vi Note that the exclusions specified in this definition highlight the ability of an EHR architecture to encompass a variety of different EHR implementations to suit different purposes. For example, the definitions of EHR architecture above make no assumptions about the healthcare system of any country or region. They also make no assumptions about the granularity of information in the record or the temporal nature of the record. A hospital ICU record is an episodic record and is likely to be more granular than a longitudinal primary care record but both should be able to conform to a well constructed EHR architecture, which meets the requirements in this Technical Specification.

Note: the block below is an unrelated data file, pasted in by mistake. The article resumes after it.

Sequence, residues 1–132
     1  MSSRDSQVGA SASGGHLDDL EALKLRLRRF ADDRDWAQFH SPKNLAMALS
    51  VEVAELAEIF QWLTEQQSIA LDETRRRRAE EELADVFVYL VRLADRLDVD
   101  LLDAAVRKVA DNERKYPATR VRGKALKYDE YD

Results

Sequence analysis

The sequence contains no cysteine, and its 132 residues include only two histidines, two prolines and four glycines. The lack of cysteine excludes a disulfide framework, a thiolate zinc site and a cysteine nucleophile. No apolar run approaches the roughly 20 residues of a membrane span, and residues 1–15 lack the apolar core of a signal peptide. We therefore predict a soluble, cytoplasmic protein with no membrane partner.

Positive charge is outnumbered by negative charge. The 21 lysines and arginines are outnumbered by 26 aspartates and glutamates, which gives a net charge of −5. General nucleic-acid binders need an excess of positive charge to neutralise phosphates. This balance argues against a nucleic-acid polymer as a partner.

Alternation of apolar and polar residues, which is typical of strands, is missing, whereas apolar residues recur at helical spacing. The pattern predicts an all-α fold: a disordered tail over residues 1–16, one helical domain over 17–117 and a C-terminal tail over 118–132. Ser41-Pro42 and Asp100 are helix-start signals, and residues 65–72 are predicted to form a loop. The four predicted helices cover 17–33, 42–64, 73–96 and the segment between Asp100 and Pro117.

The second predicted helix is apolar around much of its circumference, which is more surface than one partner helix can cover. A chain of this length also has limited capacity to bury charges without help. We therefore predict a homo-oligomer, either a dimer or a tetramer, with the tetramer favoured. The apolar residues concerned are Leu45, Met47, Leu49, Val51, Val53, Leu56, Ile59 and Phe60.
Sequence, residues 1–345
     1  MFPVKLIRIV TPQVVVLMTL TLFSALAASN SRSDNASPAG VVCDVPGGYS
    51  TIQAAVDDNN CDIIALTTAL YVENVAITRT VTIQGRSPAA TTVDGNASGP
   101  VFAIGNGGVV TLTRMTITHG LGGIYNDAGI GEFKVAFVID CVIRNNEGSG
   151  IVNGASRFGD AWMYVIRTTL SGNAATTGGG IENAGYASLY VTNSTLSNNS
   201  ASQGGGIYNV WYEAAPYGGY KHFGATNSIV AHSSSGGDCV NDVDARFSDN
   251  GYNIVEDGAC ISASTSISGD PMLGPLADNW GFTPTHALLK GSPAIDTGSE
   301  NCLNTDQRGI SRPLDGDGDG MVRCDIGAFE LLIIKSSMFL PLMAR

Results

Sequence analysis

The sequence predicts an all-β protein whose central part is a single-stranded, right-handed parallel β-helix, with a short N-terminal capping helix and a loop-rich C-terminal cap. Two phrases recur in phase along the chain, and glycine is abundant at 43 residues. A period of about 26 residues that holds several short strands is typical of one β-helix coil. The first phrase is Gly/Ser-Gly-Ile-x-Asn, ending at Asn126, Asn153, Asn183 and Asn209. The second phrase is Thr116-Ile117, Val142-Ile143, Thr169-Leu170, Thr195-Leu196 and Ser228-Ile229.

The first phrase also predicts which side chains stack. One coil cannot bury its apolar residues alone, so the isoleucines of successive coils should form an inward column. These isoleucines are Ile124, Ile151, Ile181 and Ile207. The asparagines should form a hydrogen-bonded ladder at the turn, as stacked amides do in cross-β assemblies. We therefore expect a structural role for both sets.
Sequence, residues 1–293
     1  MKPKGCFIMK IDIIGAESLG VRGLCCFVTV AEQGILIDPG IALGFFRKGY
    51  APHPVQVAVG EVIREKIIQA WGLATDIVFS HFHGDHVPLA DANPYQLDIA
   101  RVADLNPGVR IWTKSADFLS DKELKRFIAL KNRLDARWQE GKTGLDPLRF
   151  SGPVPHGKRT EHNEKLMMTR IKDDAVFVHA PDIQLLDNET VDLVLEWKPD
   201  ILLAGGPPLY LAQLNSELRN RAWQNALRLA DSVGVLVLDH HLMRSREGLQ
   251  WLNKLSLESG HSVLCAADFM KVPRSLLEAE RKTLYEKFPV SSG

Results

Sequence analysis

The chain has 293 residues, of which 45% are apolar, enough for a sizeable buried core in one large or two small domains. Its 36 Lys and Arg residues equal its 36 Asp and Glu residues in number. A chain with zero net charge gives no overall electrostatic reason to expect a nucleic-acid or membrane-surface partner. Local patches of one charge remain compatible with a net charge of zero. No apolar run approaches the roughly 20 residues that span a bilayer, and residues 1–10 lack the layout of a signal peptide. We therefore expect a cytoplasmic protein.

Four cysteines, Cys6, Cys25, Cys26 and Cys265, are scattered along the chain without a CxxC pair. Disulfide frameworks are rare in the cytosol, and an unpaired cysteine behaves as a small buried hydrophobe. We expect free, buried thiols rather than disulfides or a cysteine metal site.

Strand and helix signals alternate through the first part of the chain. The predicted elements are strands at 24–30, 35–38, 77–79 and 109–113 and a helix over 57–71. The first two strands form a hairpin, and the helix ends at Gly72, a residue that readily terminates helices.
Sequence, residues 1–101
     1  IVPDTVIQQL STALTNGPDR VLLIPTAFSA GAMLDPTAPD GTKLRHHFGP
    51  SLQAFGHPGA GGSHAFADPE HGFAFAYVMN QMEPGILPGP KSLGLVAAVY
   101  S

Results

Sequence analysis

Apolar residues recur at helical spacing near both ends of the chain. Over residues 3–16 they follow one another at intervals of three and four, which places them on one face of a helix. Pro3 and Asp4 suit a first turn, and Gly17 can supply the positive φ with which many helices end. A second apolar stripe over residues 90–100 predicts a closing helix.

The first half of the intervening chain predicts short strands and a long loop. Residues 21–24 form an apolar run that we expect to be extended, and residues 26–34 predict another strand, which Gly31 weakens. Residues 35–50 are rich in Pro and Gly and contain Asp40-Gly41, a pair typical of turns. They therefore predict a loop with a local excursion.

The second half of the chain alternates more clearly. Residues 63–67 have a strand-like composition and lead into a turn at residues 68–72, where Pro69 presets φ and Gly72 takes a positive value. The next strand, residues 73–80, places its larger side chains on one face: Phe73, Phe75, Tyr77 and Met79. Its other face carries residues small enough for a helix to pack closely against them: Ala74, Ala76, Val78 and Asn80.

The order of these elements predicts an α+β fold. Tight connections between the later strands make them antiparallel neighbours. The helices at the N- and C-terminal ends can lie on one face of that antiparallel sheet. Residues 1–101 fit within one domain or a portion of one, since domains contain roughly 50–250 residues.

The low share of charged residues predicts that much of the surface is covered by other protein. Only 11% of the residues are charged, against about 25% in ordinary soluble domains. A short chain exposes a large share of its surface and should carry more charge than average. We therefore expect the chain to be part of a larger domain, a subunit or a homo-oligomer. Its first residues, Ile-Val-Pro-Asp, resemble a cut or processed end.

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The EHR architecture should be broadly applicable to all healthcare sectors, professional healthcare disciplines, and methods of healthcare delivery. A “consumer” or “personal” EHR should be able to conform to the same EHR architecture as a more traditional EHR used by providers such as medical specialists, nurses, general practitioners and providers of allied health services. The same EHR architecture should be applicable to all variants of the EHR, regardless of whether these are called an EMR, EHCR, EPR, CPR, PHR or whatever. An open standardised EHR architecture is the key to interoperability at the information level. A standardised EHR architecture enables the whole or parts of the EHR to be shared and exchanged between authorized members of a multi-disciplinary care team, including the patient/consumer, independently of any particular EHR system. EHR information conforming to a standardised EHR architecture should be capable of being accepted, processed and presented by an EHR system that uses the EHR architecture irrespective of the source application or the operating system, database, and hardware on which the EHR system depends. 0.4